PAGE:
BIRMINGHAM, ENGLAND - You can't buy shares in Delphi, ford Automotive Components or Bosch. "Therefore, you should buy shares in LucasVarity," advises Victor Rice.

The new chief executive officer of the company formed in the September merger of Britain's Lucas Industries plc and U.S.-based Varity Corp. says that not only is LucasVarity one of only a few publicly traded companies on the automotive supplier Top 10 list, it's also now a stronger organization capable of serving its customers anywhere in the world they do business.

With operations in 23 countries, LucasVarity is the world's second largest supplier of antilock braking systems (ABS) and a leading supplier of diesel engines and aerospace products.

Mr. Rice is no stranger to merging companies and then cutting the overlap. In 1980, then just 39. he was named chairman of Massey Ferguson Ltd. The name was changed to Varity Corp. in 1986. Varity acquired Dayton Walther that year and Kelsey Hayes in 1987. The Massey Ferguson tractor operation was sold in 1994.

A UK native, Mr. Rice held various positions in Massey Ferguson's UK-based Perkins Group from 1970 to 1980. Before that he worked at Ford, Chrysler and Cummins. He has worked in North America for the past 21 years and maintains homes in both England and the U.S.

That there will be employment cutbacks is a given, but Mr. Rice says there also will be benefits. For example, he says financial difficulties at Lucas long had led to speculation that one or more Lucas businesses would have to be sold. "That no longer is the case," he says, adding that efficiencies from combining the companies will mean savings of about $100 million per year with another $100 million saved in taxes.

The new company has seven business units, four combining similar operations of the two partners. Diesel operations will remain independent to maintain both groups' integrity with customers.

New and upcoming LucasVarity technologies include brake-by-wire (BBW), a fully electronic, fluid-free braking system, expected out around 2005.

Less radical and nearer production is electronic brake management (EBM), which uses electronics to the point of applying proportional braking force to the individual wheels, and hydraulic fluid to enact mechanical actuating forces.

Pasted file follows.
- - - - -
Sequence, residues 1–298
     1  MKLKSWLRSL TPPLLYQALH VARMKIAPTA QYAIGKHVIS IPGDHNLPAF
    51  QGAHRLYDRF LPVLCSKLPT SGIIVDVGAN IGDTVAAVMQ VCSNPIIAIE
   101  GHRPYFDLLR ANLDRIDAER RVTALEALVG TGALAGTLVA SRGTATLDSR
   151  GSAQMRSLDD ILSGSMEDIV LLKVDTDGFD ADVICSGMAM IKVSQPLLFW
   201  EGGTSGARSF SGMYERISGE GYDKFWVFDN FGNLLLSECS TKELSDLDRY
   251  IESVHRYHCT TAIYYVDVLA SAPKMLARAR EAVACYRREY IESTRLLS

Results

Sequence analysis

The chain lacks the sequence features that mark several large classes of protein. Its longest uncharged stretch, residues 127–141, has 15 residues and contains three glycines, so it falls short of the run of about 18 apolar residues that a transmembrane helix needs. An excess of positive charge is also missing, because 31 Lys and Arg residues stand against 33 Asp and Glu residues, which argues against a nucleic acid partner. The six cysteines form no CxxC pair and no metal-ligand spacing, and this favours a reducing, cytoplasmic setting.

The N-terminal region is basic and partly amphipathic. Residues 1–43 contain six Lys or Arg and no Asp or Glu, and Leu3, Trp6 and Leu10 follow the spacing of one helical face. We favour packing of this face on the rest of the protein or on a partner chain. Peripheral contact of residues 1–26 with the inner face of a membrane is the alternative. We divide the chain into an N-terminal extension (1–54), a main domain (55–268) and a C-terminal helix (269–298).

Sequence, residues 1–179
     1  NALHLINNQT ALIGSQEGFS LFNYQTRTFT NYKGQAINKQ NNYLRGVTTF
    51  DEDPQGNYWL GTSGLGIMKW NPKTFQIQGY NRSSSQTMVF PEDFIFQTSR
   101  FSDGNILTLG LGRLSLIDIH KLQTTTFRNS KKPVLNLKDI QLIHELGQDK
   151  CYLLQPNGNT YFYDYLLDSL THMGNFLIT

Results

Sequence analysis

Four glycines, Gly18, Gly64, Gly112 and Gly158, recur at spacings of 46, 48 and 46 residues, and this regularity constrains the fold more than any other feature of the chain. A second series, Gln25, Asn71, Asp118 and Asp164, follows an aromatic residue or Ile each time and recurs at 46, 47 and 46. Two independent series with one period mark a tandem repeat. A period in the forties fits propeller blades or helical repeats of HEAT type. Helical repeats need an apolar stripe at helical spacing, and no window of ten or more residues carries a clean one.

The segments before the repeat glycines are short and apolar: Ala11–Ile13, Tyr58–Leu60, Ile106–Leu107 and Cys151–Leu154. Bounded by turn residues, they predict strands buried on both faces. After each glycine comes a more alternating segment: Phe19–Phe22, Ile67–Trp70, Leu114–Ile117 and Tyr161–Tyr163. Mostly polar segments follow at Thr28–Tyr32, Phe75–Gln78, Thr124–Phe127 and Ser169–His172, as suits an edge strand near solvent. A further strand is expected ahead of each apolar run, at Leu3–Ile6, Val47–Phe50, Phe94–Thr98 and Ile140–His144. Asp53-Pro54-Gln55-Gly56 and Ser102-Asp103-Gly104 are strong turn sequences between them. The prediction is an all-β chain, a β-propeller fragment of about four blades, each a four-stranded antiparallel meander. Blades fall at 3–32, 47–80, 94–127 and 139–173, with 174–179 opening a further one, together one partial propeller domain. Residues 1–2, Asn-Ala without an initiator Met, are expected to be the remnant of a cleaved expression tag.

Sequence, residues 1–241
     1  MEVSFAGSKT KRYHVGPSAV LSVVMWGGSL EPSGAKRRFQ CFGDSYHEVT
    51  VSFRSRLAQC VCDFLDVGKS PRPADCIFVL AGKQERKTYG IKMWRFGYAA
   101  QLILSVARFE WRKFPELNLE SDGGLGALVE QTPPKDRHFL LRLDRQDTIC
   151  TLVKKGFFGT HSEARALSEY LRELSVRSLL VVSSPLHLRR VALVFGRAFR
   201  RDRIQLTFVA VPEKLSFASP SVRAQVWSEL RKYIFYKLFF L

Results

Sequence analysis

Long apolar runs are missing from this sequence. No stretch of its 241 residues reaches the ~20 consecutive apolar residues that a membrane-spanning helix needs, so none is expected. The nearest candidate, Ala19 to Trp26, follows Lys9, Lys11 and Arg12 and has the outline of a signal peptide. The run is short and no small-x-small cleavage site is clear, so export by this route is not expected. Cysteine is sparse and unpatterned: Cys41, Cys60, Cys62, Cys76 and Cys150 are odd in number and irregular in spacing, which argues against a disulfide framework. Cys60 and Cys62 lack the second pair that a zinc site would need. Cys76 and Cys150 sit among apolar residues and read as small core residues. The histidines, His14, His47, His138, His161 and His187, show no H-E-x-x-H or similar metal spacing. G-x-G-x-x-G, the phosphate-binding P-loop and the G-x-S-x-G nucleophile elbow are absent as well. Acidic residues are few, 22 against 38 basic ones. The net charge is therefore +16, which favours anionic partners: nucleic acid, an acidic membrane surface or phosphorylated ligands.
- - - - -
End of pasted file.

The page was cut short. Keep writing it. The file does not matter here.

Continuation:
Other LucasVarity systems highlighted at the UK Motor Show here during October include the following:

Brake Assist - Developed jointly by Lucas and Mercedes-Benz AG, this may be the industry's best-yet response to insurance industry findings that ABS installations do not reduce vehicle accident rates.

The system, going on all Mercedes vehicles beginning next year, helps drivers follow through on their braking in emergencies. Mercedes/LucasVarity tests indicated that most drivers do not brake hard enough to activate their vehicles, ABS systems or maximize deceleration, mostly because after initiating a fast slam on the brake, they unintentionally enter a foot let - up stage that prevents them from completing the stop at the initially intended rate.

Brake-assist measures the initial force on the pedal and activates an electronic booster, which provides extra braking power and activates the ABS. The study found that adding brake assist reduced emergency stopping distances an average of 33%.

Electronic Power Assisted Steering (EPAS) - The company predicts systems such as this one will be standard on all new passenger cars within 10 years. Its key advantage over electro-hydraulic systems is that it increases fuel consumption by, only, about 0.5% compared with about 2% for electro-hydraulic systems and about 8% for. full-hydraulic systems. It's also lighter and more compact than competing systems and is installed on the steering column, freeing up valuable under-hood space.

The system contains only four main components - an electronic control unit (ECU), a torque sensor to measure driver effort, an electric motor and a gearbox - compared with 40 to 50 for a hydraulic unit. It operates via an opto-electronic torque sensor that provides dual-lane output. Future developments are expected to include four-wheel steering, lane control and collision avoidance.

EPAS is more fuel-efficient than a traditional hydraulic system because it draws power only when the steering wheel is turned, unlike the hydraulic steering pump, which runs whenever the car is in operation.

Although it initially will serve as a direct substitute for hydraulic systems, the company sees future interactive links with ABS, traction control, active suspension and Intelligent Driver Support (IDS).

LucasVarity currently is working on collision-avoidance systems that rely on video and radar to warn inattentive drivers via onboard computers of obstacles in front of, behind or to the sides of the car. Eventually, the company says, IDS will be able to control the steering, including automatic maneuvering around obstacles.